The Book of Salt
The Book of Salt serves up a wholly original take on Paris in the 1930s through the eyes of Binh, the Vietnamese cook employed by Gertrude Stein and Alice B. Toklas. Viewing his famous mesdames and their entourage from the kitchen of their rue de Fleurus home, Binh observes their domestic... show more
The Book of Salt serves up a wholly original take on Paris in the 1930s through the eyes of Binh, the Vietnamese cook employed by Gertrude Stein and Alice B. Toklas. Viewing his famous mesdames and their entourage from the kitchen of their rue de Fleurus home, Binh observes their domestic entanglements while seeking his own place in the world. In a mesmerizing tale of yearning and betrayal, Monique Truong explores Paris from the salons of its artists to the dark nightlife of its outsiders and exiles. She takes us back to Binh's youthful servitude in Saigon under colonial rule, to his life as a galley hand at sea, to his brief, fateful encounters in Paris with Paul Robeson and the young Ho Chi Minh.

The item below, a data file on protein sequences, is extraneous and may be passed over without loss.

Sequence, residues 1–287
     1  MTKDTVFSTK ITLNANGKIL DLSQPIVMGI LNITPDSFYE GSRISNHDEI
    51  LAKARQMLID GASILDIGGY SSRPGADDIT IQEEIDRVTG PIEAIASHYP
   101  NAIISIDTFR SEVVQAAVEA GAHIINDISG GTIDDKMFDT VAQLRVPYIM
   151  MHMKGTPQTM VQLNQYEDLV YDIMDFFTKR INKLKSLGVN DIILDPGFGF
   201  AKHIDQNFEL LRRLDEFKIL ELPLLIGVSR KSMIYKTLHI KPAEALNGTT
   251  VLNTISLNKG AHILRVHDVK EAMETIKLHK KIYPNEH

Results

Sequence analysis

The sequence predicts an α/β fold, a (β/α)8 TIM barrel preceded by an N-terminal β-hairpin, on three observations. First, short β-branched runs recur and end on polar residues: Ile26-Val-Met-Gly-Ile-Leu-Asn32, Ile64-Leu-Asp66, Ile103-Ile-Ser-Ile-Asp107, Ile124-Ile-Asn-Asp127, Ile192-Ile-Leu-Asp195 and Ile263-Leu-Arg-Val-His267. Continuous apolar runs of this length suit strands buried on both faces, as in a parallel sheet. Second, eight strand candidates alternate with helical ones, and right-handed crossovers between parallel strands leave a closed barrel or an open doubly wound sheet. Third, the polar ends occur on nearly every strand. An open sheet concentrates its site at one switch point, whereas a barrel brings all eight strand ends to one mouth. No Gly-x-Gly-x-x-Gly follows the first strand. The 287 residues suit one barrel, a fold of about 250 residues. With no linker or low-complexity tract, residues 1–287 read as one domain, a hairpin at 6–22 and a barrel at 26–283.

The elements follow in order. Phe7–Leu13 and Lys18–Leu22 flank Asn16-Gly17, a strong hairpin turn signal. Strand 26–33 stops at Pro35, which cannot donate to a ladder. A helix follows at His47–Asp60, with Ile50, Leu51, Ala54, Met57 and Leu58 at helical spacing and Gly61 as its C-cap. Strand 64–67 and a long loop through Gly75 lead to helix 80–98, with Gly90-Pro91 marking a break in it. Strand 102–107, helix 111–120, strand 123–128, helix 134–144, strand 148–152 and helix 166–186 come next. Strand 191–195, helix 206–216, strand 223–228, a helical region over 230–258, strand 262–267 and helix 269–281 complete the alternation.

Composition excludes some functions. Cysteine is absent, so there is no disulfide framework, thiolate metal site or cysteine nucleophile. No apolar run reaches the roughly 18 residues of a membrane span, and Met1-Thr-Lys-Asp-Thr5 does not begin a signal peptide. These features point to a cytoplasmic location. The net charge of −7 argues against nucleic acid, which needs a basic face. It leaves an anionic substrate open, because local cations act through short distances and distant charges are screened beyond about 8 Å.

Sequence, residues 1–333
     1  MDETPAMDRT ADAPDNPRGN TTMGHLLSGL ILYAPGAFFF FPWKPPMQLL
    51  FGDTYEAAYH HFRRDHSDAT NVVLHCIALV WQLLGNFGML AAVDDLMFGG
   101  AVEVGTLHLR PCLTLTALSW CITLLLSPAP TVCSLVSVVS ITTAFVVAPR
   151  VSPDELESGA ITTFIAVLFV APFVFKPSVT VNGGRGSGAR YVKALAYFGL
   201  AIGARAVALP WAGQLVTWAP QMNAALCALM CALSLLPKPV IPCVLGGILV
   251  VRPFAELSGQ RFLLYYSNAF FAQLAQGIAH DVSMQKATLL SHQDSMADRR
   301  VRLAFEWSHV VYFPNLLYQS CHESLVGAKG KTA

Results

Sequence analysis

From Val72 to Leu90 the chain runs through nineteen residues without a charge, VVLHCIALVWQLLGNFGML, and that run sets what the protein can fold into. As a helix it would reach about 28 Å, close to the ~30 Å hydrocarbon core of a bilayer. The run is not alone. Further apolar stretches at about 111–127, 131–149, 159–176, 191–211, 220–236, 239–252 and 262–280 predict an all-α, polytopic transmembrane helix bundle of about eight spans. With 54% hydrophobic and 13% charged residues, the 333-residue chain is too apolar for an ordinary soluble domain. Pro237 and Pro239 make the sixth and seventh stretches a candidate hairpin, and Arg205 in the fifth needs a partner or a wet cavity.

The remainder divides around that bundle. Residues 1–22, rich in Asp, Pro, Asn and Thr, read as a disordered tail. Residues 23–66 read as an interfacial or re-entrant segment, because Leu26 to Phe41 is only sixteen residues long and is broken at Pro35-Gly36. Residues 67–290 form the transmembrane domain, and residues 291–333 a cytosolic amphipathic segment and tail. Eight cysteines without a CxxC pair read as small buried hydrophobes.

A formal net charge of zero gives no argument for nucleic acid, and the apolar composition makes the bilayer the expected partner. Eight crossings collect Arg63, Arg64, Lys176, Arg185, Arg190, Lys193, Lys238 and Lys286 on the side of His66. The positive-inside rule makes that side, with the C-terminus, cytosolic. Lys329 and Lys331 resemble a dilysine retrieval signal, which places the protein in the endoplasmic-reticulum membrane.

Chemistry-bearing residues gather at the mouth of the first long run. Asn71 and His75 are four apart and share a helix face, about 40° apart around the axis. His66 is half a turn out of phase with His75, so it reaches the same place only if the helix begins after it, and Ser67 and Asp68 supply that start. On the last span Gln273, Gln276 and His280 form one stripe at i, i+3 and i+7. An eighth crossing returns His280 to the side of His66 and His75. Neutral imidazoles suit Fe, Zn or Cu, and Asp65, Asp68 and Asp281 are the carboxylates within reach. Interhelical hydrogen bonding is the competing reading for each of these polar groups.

Publish date: June 15th 2004
Publisher: Mariner Books
Pages no: 272
Edition language: English
, Food And Drink
, Book Club
, Historical Fiction
, Literary Fiction
I'm not sure why the author chose to make the famous real-life couple of Gertrude Stein and Alice B Toklas important secondary characters in this book about a Vietnamese cook. It really only served as a distraction, when she could easily have used a fictional couple. There was a lot about this bo...
this is a hard one for me to rate. for some reason i had *extremely* low expectations going in, and i'm sure that affected my reading of this book for at least the first 75 pages or so. i did think that this was not easy to get into, to care at all about, and i really had to work on focusing on ac...
This book has a marvelous ending, so don't rush it. This book is full of metaphors, psychological undertones and food. It says alot about lots of things - Parisians, the French, home, emotions, sex and lots about loneliness. The language is spoken through metaphors and irony. I like the humor. I lik...
Vietnam. A lyrical and evocative reflection on colonialism, but reported as a story about desire and wholeness. The narrator, Binh, is Gertrude Stein and Alice B. Toklas's Vietnamese cook at 27 rue des Fleurus in Paris. Some reviewers have critiqued it for not being enough about Stein and Toklas; th...